The midtown Anchorage neighbors fought it for years. The Jewish preschool nearby protested against having street people so close to the children.
But the Golden Lion Hotel on 36th Ave. was purchased anyway by former Mayor Ethan Berkowitz for use as a drug treatment center.
Mayor Dave Bronson promised to close if elected, but instead it became a low-rent housing solution with 84 rooms after the Bronson Administration capitulated to the liberal majority on the Assembly last summer.
Now, it’s the latest 24-hour homeless shelter that neighbors always feared it would become.
Mayor Dave Bronson declared an emergency due to the cold snap, with temperatures below zero. On Wednesday, he opened up the Golden Lion Hotel for anyone who needs shelter from what has been a tough winter, even by Anchorage standards, with a record amount of snowfall, collapsing roofs, and now plunging temperatures. Although Anchorage has 40% of the state population, it is a magnet for down-and-out Alaskans and has over 60% of the state’s homeless.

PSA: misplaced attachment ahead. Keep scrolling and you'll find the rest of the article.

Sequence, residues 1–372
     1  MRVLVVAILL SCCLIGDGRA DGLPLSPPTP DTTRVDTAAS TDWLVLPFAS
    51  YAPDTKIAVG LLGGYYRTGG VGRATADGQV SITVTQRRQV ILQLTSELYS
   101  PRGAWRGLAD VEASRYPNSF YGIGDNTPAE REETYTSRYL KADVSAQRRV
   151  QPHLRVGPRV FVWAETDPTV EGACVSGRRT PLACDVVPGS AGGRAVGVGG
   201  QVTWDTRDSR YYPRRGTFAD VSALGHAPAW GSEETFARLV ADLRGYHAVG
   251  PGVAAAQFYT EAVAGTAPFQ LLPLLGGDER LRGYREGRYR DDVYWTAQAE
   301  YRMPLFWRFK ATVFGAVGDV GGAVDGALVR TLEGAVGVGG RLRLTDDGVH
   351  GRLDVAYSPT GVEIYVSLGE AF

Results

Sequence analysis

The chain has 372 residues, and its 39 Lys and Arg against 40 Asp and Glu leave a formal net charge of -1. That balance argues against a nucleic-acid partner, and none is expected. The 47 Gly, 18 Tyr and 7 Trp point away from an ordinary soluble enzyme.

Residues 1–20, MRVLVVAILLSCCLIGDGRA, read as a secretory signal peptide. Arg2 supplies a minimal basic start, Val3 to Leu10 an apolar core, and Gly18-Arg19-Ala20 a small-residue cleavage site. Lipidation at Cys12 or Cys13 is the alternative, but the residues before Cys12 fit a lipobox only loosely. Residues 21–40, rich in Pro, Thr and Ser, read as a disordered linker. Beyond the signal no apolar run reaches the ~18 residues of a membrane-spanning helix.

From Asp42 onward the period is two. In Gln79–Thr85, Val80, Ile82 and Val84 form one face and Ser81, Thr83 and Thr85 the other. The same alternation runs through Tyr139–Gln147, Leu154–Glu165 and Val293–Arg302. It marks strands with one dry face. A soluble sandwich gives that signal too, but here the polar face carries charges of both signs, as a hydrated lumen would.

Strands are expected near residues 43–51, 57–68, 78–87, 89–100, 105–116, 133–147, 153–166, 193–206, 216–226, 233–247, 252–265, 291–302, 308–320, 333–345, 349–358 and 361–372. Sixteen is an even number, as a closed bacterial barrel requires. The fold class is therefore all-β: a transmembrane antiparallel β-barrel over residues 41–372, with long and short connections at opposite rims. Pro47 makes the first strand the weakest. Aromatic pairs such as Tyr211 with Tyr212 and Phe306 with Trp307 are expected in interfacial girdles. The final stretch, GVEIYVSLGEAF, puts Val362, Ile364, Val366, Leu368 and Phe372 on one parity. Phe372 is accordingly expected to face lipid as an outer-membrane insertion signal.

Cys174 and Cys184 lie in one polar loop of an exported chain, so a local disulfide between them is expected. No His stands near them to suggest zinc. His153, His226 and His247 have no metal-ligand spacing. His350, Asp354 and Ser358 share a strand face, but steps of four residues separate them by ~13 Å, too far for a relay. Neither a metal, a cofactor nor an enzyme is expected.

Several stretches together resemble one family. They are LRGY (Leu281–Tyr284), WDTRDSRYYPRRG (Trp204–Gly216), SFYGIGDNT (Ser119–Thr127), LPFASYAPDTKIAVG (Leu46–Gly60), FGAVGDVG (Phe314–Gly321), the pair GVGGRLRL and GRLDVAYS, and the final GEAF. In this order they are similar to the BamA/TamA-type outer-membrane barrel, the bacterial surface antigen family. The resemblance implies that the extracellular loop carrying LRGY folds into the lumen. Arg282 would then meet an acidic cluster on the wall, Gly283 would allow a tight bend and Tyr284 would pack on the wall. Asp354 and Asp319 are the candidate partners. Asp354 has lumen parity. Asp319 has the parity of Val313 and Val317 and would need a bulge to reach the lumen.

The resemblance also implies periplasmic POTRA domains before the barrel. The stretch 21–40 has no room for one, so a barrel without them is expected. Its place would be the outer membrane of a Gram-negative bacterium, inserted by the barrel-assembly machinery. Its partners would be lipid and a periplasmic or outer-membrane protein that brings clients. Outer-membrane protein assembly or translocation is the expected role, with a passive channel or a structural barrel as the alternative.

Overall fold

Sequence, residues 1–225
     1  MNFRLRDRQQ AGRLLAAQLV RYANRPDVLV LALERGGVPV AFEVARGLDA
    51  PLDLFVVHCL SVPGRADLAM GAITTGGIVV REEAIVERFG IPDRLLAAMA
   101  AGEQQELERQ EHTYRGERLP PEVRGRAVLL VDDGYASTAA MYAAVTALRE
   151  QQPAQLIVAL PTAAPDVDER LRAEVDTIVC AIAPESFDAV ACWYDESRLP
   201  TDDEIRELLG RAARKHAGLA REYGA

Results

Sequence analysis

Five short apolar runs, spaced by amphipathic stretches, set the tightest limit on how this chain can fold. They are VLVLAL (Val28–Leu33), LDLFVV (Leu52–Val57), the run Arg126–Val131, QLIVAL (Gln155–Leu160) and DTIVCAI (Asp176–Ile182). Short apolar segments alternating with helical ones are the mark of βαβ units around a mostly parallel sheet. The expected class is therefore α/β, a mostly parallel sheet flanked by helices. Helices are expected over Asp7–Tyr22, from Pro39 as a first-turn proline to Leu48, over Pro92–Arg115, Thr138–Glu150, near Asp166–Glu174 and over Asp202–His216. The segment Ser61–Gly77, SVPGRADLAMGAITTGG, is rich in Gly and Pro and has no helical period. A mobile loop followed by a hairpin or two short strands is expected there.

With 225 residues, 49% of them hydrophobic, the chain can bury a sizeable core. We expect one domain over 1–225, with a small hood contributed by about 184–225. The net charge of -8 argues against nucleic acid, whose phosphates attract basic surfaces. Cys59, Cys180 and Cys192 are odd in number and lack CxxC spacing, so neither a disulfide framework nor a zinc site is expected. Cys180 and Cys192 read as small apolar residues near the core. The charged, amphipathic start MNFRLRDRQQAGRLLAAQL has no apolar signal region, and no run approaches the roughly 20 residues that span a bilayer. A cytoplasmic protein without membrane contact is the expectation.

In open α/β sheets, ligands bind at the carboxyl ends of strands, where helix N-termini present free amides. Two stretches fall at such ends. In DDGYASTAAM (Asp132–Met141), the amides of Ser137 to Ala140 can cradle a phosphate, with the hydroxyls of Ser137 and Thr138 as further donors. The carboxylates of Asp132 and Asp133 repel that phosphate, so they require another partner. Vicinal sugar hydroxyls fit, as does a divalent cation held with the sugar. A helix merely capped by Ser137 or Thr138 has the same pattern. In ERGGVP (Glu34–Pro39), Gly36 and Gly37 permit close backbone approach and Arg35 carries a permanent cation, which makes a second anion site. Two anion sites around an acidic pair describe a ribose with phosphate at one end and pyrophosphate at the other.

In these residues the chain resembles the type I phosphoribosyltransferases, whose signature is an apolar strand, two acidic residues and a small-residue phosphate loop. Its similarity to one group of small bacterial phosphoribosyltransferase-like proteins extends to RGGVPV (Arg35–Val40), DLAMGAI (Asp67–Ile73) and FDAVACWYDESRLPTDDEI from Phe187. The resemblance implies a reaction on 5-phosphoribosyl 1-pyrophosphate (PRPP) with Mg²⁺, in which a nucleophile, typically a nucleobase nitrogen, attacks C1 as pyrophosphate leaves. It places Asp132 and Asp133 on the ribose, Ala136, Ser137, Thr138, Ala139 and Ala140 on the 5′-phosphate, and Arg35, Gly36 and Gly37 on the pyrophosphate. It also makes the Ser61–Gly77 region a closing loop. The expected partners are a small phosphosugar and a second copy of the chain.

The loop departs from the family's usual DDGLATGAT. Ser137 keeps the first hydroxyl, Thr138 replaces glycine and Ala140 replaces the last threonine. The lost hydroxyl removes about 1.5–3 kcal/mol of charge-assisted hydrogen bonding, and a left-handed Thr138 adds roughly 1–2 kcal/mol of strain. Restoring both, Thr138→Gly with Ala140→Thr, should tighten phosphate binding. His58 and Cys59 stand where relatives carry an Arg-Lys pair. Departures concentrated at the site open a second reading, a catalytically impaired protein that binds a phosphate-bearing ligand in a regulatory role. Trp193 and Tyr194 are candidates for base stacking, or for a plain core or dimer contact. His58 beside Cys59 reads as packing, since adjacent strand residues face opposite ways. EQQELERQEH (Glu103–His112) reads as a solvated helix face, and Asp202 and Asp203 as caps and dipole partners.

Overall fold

Bronson has also expanded the city’s contract with the Aviator Hotel on Fourth Ave., for overnight warming — 8 pm to 8 am. Earlier, his office had indicated that the Aviator would be a 24-hour warming shelter, but now those using it will need to find shelter during the daytime. While the nearby Anchorage Museum had last month guaranteed free admission to all Alaska Natives, it has since paused that policy. Alaska Natives make up 43% of the Anchorage homeless population. The Fifth Avenue Mall may end up becoming that daytime warming place, if others fill up.
In addition to the two hotels, the mayor already established a cold-weather shelter facility at the old Solid Waste Services facility at 1111 E. 56th Ave., also open 24 hours a day.
When he became mayor, Bronson attempted to build a navigation center that would process each person who checked in and get them to the help they need, whether it is drug addiction treatment, job referrals, or housing vouchers. But the Assembly blocked that proposal in a long and drawn-out fight with Bronson, hoping to make him unsuccessful at his signature project. They succeeded.
Then Bronson said the city would buy people one-way tickets back to their hometowns, to places where their families could help figure out solutions for them. But the Assembly also blocked that.
Last year, Bronson reclaimed the Sullivan Arena, which had become a hotbed of drugs and violence, after former Mayor Berkowitz had seized the arena for mass sheltering during the Covid pandemic. In the near future, the Sullivan Arena will return to be an event venue. The cost of repairs to the facility after the street people had their way with it has not been fully quantified by the city, but for now it’s no longer available for nighttime shelter.